As we have previously reported, thousands of lawsuits have been filed against Takeda Pharmaceutical Company for its medication Actos after studies revealed that diabetics taking the drug may be at an increased risk of developing bladder cancer. In 2011, the U.S. Food and Drug Administration (FDA) warned that use of the diabetes medication Actos (pioglitazone) for more than one year may be associated with an increased risk of bladder cancer.

A plaintiff, alleging Actos caused his bladder cancer, was recently awarded $2.3 million in compensatory damages by a jury in Pennsylvania state court. The jury found that Takeda showed “reckless indifference” to the plaintiff’s health by hiding Actos’ risks and awarded another $1.3 million in punitive damages. There are approximately 8,000 other similar lawsuits currently pending in federal and state courts across the country.

If you believe you have experienced adverse side-effects from taking Actos, contact Stark & Stark and speak to one of the Mass Tort/Pharmaceutical Litigation attorneys, free of charge, who can help assess any claims that you might have against the manufacturers of Actos.

The Honorable Rebecca F. Doherty, who is overseeing the federal Actos cases centralized in Louisiana, has appointed 19 plaintiffs’ attorneys to manage the litigation. As we have previously reported, recent studies allegedly show that diabetics taking Actos may be at an increased risk of developing bladder cancer. A recent Bloomberg article stated that Takeda Pharmaceutical Company, the Asian-based manufacturer of Actos, could face upwards of 10,000 lawsuits in the United States. Eli Lilly & Company, which is also currently involved in the Darvocet litigation, has been named as a co-defendant based on allegations that the company withheld information from consumers about the associated risks and failed to provide adequate label warnings.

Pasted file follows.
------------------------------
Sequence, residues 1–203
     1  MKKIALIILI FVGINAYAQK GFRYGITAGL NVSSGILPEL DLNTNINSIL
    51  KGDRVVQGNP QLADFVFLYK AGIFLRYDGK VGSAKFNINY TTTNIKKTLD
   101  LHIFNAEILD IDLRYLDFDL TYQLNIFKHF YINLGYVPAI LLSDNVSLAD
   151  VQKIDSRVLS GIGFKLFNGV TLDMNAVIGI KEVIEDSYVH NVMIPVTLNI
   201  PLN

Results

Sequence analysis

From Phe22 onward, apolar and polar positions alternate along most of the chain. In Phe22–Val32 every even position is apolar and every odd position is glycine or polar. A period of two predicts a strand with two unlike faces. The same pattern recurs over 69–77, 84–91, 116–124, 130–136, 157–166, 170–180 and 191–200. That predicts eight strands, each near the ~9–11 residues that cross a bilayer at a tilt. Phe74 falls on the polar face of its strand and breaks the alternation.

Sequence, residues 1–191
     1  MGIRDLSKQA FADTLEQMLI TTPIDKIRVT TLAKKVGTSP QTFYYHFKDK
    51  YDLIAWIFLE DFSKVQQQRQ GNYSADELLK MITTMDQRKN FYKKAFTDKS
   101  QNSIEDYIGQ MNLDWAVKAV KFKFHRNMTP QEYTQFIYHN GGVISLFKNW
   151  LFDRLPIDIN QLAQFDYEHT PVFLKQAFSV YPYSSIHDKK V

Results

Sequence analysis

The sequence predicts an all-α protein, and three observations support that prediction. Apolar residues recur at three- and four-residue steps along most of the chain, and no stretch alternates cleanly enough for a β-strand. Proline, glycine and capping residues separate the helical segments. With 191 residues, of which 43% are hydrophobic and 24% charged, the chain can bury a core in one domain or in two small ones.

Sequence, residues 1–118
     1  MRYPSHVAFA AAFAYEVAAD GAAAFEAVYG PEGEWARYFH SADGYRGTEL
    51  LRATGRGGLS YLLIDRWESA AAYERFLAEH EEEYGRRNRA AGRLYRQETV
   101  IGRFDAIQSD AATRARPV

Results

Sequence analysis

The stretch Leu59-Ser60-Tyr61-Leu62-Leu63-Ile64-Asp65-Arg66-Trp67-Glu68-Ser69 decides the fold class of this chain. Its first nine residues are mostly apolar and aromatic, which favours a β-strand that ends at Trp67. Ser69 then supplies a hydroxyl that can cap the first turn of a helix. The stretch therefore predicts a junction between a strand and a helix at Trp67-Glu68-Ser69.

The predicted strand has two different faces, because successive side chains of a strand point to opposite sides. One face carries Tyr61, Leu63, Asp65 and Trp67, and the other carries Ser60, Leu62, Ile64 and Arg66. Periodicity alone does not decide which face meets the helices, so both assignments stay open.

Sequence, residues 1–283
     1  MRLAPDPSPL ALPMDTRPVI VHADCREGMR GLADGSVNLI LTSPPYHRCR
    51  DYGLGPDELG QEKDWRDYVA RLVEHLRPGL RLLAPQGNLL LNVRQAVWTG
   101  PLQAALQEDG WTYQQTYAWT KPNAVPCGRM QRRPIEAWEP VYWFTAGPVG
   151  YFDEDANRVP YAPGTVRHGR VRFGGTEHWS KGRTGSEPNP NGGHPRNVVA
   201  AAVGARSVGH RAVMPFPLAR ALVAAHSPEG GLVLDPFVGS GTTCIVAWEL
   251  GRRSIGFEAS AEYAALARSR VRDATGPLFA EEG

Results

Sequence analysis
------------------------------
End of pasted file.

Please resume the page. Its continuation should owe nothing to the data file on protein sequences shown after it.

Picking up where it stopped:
According to a March 12, 2012 note posted on the Court’s website,  Judge Doherty advised that“[t]he Court has determined to effect the selection of lead counsel, liaison counsel, and plaintiffs’ executive and steering committees before the March 22nd- 23rd status conference.” The selection will allow for the plaintiffs’ attorneys to meet and confer while in Lafayette for the initial March conference.

If you feel you have experienced adverse side-effects from taking Actos, contact Stark & Stark and speak to one of the Mass Tort/Pharmaceutical Litigation attorneys, free of charge, who can help assess any claims that you might have against the manufacturers of Actos.

The United States Judicial Panel on Multi-District Litigation (MDL) met on December 1, 2011, in Savannah, Georgia, to hear arguments regarding whether all federal Actos cases should be consolidated into multi-district litigation (MDL) and, if so, where the cases should be consolidated.

As we have previously reported, recent studies allegedly show that diabetics taking Actos may be at an increased risk of developing bladder cancer.  Particularly at risk are those individuals who took Actos for more than twelve (12) months.